There’s nothing that pisses my dad off more than the AC NOT being turned on before he gets home, the idiot neighbours who like their park their ugly shitbox in front of our house… and trying to find parking in Chinatown. I have to admit, fighting over parking spots, let alone trying to navigate orange cones, reserved bus lanes and dodging falling concrete overpasses can get strenuous when all you want to do is eat. We were told about this Chinese spot way up-town a few years ago and we have been going there each time hunger wins over the desire to put ourselves through anxiety and headaches.
We hit up this spot, Maison Foo Lam on L’Acadie for some awesome Chinese grub. Since the day we had our first meal here, we knew that this restaurant was going to be a favourite amongst our family. Comparable to Chinatown, we always go in knowing exactly what we want to eat.
We started off with a few fresh monster sized oysters steamed with fermented black beans, garlic and scallion oil. Although oysters isn’t for everyone; I believe that an oyster in this context is a great opportunity to be re-introduced to greatest, hornifying molluscs. Usually the preconceived “sliminess” of the oyster meat is a turn off, however, when cooked, the meat is tender and substantial. The fermented black beans and garlic lend an earthy aroma while the scallion oil, cuts through the thickness with a sharp bite.
Next to show up was the razor clams steamed with soy sauce, and oil fried garlic and topped with scallions. If you’ve never had razor clams before, they taste the same as your ordinary clams, only they look like two people fought for the last one and stretched it out and it got stuck that way… Kind of like that face your mom told you not to make and look at you now… oh, never mind. Foo Lam doesn’t receive razor clams on a usual basis, so you will have to inquire about them, or the waiter might tell you that they have them in on special that particular day.
We also ordered the salt and pepper fried three seafood. Shrimp, squid and scallops, battered and deep fried with chilli pepper and bell peppers. Extremely crispy and SPICY, I suggest you find and eat the squid first. With this dish, I’ve always found that the squid retains the most moisture thus being the first to repel itself from the batter like you do from your mom’s good-bye hug at the drop off in first-grade. So I would highly suggest you try rummage for them bad boys first.
Next was the salt and pepper fried shrimp. Similar to the previous dish in preparation, the taste is comparably different, as the shrimp weren’t coated in thick batter. The best part of this dish was the fact that the heads are left on; with each decapitation results in a mini version of that scene from indiana jones where they’re sitting in front of a monkey skull devouring its brain, but in this case, you’re pinching the shrimp head and sucking its brains out. Spicy and bouncy, the heat from the chili and salt permeated the shrimp shells and made the meat flavourful. I’ve always found that the shell is dehydrated and fried to a crisp enough that it’s pretty much edible, so what ever bits of shell that I can’t be bothered to remove, I’m not worried about eating it.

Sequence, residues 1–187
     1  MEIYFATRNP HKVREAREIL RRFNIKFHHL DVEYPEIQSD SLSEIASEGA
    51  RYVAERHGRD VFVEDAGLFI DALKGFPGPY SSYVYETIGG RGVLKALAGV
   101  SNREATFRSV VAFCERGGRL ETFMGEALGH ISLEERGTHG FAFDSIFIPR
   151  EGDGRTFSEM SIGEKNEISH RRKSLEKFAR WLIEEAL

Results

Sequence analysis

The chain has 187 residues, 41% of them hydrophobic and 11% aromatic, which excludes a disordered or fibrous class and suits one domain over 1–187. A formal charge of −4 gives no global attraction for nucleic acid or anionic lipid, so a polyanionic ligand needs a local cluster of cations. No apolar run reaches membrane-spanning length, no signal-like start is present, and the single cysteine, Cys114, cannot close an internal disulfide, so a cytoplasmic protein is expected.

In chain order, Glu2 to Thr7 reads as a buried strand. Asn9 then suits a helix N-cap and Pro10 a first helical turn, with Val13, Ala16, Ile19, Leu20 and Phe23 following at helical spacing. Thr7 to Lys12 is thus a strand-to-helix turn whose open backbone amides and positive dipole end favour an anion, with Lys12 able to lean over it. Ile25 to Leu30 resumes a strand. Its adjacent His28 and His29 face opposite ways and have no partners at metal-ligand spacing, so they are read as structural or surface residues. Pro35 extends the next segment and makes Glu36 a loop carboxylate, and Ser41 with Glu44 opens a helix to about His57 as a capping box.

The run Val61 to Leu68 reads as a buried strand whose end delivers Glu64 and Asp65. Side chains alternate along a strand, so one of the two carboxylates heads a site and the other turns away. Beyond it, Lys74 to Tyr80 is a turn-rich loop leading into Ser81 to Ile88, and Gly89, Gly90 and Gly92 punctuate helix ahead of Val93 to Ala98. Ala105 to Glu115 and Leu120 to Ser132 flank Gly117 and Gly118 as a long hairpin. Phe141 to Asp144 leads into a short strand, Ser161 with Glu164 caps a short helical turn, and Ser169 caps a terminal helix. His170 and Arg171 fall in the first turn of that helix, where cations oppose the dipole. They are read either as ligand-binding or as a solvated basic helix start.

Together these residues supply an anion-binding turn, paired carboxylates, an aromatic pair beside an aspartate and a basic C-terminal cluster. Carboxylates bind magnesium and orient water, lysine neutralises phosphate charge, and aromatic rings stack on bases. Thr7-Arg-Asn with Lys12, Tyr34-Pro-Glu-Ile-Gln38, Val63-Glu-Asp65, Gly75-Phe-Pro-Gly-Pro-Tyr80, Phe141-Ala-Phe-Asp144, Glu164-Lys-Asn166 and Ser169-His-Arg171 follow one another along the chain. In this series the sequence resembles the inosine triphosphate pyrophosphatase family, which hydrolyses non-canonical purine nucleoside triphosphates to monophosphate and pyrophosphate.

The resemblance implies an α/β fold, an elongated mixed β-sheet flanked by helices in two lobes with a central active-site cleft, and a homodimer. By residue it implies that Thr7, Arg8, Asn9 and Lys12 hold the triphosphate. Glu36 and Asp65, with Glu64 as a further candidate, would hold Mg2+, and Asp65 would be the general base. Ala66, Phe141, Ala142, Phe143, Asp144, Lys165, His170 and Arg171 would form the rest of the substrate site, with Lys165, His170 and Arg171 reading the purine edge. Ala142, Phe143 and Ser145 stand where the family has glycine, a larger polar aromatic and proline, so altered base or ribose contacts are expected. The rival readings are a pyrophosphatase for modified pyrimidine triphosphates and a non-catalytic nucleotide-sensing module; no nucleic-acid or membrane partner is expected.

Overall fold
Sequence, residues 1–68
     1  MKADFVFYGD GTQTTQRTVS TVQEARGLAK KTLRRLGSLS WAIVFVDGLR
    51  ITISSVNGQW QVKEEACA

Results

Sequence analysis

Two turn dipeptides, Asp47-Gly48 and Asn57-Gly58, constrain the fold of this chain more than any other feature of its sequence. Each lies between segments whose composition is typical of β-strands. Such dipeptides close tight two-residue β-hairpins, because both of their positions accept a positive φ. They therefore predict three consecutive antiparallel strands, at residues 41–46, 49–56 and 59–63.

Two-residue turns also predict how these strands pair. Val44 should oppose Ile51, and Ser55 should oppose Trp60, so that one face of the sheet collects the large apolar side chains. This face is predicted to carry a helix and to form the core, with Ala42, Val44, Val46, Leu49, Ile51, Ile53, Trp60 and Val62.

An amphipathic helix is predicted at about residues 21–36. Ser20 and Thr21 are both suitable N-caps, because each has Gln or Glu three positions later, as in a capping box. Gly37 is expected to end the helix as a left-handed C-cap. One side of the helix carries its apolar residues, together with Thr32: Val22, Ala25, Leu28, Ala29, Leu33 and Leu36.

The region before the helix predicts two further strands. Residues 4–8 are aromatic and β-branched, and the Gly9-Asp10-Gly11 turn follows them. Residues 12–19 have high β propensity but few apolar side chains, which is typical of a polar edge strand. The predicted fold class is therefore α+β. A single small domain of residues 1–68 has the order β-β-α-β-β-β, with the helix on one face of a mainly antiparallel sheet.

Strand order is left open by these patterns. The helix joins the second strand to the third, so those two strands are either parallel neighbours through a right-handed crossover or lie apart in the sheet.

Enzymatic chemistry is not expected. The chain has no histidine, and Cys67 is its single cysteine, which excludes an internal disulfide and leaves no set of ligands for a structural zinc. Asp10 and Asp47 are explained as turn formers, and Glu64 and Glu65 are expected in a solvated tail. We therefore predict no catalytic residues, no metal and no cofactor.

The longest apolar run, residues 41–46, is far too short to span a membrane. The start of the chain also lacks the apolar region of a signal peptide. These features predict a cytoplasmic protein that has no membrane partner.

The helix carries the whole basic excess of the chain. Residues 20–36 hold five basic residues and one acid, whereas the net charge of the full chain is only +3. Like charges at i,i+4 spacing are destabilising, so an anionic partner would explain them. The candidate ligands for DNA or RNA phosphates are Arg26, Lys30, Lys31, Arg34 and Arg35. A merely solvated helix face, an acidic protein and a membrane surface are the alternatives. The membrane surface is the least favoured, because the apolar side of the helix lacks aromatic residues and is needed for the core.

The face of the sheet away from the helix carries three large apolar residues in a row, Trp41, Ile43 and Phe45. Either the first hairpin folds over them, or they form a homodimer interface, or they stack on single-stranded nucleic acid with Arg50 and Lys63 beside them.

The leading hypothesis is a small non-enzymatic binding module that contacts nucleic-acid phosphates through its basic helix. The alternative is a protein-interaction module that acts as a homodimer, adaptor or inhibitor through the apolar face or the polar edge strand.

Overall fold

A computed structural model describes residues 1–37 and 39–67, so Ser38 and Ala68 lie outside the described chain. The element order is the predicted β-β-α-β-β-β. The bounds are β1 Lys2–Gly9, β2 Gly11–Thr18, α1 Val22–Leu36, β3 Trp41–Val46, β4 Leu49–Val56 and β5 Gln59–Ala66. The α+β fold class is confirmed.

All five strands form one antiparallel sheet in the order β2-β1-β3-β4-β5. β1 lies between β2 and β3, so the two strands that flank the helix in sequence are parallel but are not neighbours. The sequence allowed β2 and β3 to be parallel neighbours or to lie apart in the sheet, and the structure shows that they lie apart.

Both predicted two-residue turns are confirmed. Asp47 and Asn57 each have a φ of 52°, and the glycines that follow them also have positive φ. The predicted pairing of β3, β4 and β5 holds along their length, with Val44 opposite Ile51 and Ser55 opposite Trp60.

Ginger scallion lobster. Most Chinese restaurants will offer lobster in just a handful of preparations, this being my favourite. Coated in a thin layer of corn starch then stir-fried in a wok, the lobster takes on the incredible smokiness of the “wok-hei”. The addition of the scallions and ginger make the lobster extremely aromatic while contrasting and bringing out the lobster’s natural sweetness. Take your time and do this lobster justice, explore every nook and cranny for all that crustaceany goodness.
We also ordered a whole crispy skin chicken – this dish is available in half and whole chicken. The chicken is brined then let to air dried before it’s fried in oil. I was told that the key to having super crispy skin was to let the chicken dry as much as possible, drawing the moisture out will react better when it meets the oil to foster a optimal crispy skin. The dark meat was flavourful as always, the white was a bit dry. This dish is served with a dipping dish of Chinese five spice powder and salt and topped with fried prawm chips.
When the waiter came to take our order, and we got to the end of the list of things we wanted to eat, he noticed and interjected that we didn’t have any vegetables. It’s customary in Asian culture to have some sort of vegetables for each meal; so because we didn’t have any vegetables, we ordered the beef… with Chinese broccoli. Thick-stemmed and leafy greens, Chinese broccoli (gai lan) is one of my favourite greens; nicely underdone the leaves were soft and the stems tender and snapped. As with most Chinese prepared beef, the beef was quickly marinaded in corn starch and cooking wine and soy sauce, rendering it tender when cooked. The dish was dressed with a gravy made with the jus au wok.
Like I said, I’ve always considered restaurant Foo Lam comparable to Chinatown, it’s a bit out of the way, but at least you don’t have to compete for parking. They have a pretty eclectic menu – as it has Thai and Vietnamese items on the menu. Not to cause any confusion, they have different chefs in the kitchen that specialize in the different cuisines. With live seafood tanks in the dining room as well as a bunch of tis showing different news stations in various Asian languages, the atmosphere is a bit unique. Restaurant Maison Foo Lam shares the same entrance as Sharky’s Pool Bar, so fret, just follow your nose.